A federal judge on Monday temporarily halted the Trump administration’s plans to open up thousands of acres in the nation’s largest national forest — Tongass Natl Forest in Alaska — to logging.
A federal judge on Monday temporarily halted the Trump administration’s plans to open up thousands of acres in the nation's largest national forest — Tongass Natl Forest in Alaska — to logging. https://t.co/vCAXk4VcOv @thehill
— Sierra Club (@SierraClub) September 24, 2019
Per Alaska Public Media Deputy Forester Jerry Ingersoll complained past timber sales had been held up.
“We’d get litigated, we’d finally get through the process, we’d only have a little bit of timber at the end of it,” he told the meeting of business and civic leaders on September 18.
That’s why he says the Forest Service has started its controversial landscape level analysis to clear environmental hurdles.
“We’ve taken a new approach these last couple of years,” he told the forum.
The Hill reports a federal judge on Monday temporarily halted the Trump administration’s plans to open up thousands of acres in the nation’s largest national forest to logging.
The decision by the U.S. District Court for the District of Alaska placed a preliminary injunction on the logging of 42,500 acres of temperate rainforest in Alaska’s Tongass National Forest. It comes days before the administration was set to begin reviewing bids and offering contracts for the logging of old-growth timber in the forest.
The court ruled that “Plaintiffs have demonstrated that they are very likely to suffer irreparable harm in the absence of preliminary injunctive relief,” according to the ruling.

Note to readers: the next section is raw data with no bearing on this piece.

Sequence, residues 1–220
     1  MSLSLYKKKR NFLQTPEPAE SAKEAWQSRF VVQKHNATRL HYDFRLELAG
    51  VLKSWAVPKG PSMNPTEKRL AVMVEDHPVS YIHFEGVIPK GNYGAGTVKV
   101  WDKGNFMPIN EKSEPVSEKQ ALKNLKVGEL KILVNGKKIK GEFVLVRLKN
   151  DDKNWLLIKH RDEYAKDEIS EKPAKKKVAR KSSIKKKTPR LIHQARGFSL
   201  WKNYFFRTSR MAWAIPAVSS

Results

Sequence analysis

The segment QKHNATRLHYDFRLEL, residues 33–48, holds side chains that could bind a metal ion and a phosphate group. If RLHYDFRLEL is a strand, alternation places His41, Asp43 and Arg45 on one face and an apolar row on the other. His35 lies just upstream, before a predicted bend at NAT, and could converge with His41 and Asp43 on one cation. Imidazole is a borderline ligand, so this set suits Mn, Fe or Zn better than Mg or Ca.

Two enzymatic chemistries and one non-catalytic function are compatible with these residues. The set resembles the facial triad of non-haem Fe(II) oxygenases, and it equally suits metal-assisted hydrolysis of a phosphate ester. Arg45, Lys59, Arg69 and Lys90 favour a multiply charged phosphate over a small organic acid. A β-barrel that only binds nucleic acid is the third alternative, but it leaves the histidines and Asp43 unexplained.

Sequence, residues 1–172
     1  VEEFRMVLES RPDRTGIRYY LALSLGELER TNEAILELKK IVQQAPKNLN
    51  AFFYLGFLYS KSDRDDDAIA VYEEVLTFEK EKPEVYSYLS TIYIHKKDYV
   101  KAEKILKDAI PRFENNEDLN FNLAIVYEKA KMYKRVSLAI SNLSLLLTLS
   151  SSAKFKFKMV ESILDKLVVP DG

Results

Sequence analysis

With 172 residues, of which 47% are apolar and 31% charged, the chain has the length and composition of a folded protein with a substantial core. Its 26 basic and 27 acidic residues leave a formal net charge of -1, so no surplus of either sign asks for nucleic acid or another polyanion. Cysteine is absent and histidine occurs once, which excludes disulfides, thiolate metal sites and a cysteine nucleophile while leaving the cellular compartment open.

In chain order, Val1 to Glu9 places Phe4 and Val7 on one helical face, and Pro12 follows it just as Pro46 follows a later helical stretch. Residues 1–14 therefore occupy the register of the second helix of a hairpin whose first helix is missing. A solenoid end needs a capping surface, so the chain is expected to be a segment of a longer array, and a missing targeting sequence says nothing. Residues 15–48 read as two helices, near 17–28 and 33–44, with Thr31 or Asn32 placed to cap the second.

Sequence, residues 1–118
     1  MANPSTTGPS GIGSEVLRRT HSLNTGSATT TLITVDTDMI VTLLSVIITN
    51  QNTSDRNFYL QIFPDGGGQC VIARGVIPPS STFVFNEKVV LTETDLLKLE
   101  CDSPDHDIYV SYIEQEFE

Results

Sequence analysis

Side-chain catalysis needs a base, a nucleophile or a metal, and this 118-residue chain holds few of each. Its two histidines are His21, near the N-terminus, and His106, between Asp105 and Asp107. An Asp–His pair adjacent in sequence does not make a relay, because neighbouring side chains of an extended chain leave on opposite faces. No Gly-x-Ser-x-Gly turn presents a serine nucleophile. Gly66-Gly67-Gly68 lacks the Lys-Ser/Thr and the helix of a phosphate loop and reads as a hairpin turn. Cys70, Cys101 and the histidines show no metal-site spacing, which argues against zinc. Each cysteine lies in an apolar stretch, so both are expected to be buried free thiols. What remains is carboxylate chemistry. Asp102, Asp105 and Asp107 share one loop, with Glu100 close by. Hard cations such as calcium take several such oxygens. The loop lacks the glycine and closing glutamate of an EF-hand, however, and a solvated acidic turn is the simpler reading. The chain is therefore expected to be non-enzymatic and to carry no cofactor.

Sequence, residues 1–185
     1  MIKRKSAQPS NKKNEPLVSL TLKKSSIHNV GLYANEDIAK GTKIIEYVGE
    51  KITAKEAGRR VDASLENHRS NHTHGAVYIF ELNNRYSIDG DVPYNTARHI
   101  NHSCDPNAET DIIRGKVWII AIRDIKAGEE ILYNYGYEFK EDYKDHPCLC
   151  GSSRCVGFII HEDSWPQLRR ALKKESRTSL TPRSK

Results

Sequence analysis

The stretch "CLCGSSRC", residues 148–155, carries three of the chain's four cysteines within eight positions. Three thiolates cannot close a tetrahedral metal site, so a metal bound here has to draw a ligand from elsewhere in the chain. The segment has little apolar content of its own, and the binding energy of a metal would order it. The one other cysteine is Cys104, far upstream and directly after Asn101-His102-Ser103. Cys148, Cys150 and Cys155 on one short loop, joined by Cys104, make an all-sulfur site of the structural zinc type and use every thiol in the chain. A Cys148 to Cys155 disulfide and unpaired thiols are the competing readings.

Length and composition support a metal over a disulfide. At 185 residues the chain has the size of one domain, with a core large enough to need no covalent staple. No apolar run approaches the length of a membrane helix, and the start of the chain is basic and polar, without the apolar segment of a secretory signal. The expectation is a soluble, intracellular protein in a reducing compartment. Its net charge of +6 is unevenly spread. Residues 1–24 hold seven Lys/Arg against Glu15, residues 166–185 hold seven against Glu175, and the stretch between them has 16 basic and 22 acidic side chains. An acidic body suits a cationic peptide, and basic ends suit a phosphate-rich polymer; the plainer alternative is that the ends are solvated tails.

The order temporarily blocks the U.S. Forest Service (USFS) from allowing the “cutting of trees, road construction, or other ground-disturbing activities” in the covered areas.
The court additionally banned the opening of any bids or awarding of any contracts related to logging in Tongass. The USFS was scheduled to take and review bids on an initial sale of 1,156 acres of trees on Sept. 24.
“Based on the foregoing, Plaintiffs have established that they will suffer irreparable harm if the harvest — particularly of old growth trees — authorized by the Twin Mountain Timber Sale occurs,” the court wrote of its decision to grant the injunction.
The USFS announced plans to open up the 2.2 million acres of forest to sales in March. Under the plan, more than 42,000 acres would be eligible for logging, with the remaining acres open to road construction. Environmental groups filed a lawsuit in May to block the plans.
“Today’s preliminary ruling is a victory for wildlife and proper management of our nation’s irreplaceable forests. Moving forward with this initial sale would have ignited 15 years of clearcutting that would further destroy and fragment the remaining ancient forest habitat on Prince of Wales Island,” said Patrick Lavin, senior Alaska representative at the Defenders of Wildlife.
This article was written by the staff of TheConservativeOpinion.com